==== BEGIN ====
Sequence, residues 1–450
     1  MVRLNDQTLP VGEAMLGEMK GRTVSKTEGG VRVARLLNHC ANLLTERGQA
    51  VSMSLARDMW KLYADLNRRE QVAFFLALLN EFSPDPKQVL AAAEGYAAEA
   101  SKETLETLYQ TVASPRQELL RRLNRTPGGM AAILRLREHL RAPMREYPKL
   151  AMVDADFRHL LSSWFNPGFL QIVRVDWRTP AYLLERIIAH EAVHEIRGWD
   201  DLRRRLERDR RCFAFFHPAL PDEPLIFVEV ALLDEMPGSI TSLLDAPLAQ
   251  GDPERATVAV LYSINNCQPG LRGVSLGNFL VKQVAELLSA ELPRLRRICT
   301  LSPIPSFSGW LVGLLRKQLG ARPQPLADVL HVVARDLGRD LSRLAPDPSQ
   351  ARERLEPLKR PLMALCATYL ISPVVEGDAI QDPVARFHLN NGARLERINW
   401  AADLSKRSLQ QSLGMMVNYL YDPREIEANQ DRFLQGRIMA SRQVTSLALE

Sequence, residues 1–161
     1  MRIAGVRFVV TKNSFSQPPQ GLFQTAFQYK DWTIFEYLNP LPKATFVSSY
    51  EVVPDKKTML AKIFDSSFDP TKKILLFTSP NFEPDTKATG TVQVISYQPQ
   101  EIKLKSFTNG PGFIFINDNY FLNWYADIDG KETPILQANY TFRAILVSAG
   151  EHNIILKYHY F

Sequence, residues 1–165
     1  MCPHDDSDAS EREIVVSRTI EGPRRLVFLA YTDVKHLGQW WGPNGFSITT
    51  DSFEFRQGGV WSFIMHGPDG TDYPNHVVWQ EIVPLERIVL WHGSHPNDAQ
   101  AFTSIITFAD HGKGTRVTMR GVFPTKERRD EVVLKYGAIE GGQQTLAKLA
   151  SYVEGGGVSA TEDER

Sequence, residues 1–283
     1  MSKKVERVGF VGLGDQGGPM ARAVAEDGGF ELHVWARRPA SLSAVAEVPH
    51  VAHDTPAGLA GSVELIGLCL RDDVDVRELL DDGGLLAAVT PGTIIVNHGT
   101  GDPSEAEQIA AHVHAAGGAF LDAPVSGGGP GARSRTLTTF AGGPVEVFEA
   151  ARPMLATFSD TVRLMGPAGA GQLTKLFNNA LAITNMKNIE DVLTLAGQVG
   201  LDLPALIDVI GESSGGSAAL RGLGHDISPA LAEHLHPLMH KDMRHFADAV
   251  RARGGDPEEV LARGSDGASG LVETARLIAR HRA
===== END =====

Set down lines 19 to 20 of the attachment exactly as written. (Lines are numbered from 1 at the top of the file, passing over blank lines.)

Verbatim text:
   101  AFTSIITFAD HGKGTRVTMR GVFPTKERRD EVVLKYGAIE GGQQTLAKLA
   151  SYVEGGGVSA TEDER